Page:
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      2. I must explain why it is something I am passionate about. I have only recently “discovered” Malta and fell in love with it, so did my wife, my brother and his wife. They have in fact moved there, he has a great blog too that you may like. My Parents recently visited for the first time ever and they loved it too. So it has a special place in our hearts. I can see why there is an issue, as people like my Wife and I for example have been toying with buying a property there sometime in the future.

        What if we did? What if it were a new build that was only occupied part of the year?

        As you say, many other people do the same and would you say properties on the island are becoming more expensive?

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      3. It makes me smile to read this. I find Malta to be at once frustratingly infuriating and in so many ways enjoyable / lovable. I can see why you all fell in love with it 🙂 And it’s beautiful to see your concern for how your choices could affect things. But don’t think it’s just non-residents buying property here that’s the cause. Many locals have a summer residence, particularly in areas like St Paul’s Bay / Buġibba / Qawra, Xemxija, etc. Half the year they live there, half the year in their principal home. It’s only a problem if the scale is too big – that is if too many people do that. Same thing with non-residents buying property here. If there’s not too many, it’s not a big problem. Particularly if they visit often. Personally, I am more concerned about regular residences that remain unsold, for the very simple reason that it makes economic sense for a developer to hold on to a property until they get the price they want. The tax structure on property doesn’t help things.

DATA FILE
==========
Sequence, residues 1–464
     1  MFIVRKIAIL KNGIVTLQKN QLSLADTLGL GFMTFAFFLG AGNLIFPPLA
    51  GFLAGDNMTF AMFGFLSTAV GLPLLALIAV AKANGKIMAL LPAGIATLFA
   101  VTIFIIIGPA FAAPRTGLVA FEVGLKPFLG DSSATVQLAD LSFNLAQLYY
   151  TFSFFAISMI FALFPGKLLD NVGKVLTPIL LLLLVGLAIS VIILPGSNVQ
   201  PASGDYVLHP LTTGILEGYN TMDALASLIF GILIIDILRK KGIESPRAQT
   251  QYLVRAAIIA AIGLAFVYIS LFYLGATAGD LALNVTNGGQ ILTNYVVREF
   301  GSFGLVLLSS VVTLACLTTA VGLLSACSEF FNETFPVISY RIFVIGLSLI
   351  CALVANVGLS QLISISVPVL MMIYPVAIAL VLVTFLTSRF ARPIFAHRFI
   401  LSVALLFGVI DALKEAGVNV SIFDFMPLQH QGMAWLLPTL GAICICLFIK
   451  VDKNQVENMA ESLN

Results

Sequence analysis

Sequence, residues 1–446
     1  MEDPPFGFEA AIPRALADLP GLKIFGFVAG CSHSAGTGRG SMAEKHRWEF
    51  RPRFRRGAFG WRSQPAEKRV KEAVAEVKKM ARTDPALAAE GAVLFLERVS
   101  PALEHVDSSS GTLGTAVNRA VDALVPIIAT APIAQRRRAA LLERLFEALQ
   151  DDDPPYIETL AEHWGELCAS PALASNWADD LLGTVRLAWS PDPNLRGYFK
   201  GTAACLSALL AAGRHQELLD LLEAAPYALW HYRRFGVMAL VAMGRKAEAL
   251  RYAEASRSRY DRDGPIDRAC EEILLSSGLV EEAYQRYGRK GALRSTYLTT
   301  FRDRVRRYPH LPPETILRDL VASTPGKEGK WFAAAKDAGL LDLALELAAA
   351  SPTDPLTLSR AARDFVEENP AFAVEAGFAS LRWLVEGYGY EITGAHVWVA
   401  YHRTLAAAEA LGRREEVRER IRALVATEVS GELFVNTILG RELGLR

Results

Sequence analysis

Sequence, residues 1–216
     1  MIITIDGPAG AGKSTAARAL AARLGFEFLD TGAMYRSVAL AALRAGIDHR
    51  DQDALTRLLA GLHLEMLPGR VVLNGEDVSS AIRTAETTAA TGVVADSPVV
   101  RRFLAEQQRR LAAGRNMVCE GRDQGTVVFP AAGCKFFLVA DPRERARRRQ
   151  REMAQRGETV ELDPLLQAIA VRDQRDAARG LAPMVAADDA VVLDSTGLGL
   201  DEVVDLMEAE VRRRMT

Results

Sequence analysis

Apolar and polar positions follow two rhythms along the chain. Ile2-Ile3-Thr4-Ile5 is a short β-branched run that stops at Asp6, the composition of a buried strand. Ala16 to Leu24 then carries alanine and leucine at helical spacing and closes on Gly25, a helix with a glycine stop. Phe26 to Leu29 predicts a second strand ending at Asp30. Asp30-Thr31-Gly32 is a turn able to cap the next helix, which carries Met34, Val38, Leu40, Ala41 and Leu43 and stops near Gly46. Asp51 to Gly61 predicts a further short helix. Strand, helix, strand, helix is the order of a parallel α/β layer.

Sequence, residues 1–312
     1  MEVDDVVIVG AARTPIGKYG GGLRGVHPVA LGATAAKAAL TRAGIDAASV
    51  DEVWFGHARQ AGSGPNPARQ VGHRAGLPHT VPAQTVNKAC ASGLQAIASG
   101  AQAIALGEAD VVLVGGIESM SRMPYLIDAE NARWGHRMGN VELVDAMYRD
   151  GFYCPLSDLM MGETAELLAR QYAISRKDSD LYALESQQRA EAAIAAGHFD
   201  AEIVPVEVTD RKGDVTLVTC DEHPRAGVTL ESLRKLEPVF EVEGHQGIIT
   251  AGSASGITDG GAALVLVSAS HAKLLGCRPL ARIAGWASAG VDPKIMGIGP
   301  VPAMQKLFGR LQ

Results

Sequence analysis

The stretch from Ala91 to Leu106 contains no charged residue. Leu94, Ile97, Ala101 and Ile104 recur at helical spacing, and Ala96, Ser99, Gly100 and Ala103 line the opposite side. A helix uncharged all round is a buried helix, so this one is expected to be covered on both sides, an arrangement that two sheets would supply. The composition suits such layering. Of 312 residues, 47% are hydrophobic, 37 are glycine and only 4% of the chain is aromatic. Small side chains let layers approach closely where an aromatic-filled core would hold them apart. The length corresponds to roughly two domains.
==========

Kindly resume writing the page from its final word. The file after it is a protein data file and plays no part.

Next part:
I can’t say whether property is getting more expensive. The property market isn’t exactly fast-moving here, with no reason for people to move just because of geography (ie jobs). Most only buy property when they move out of their parents’ home (often when they get married), and perhaps once later on as an upgrade. Many don’t even do that upgrade. For obvious reasons it’s not really a free market either, particularly in such a small country.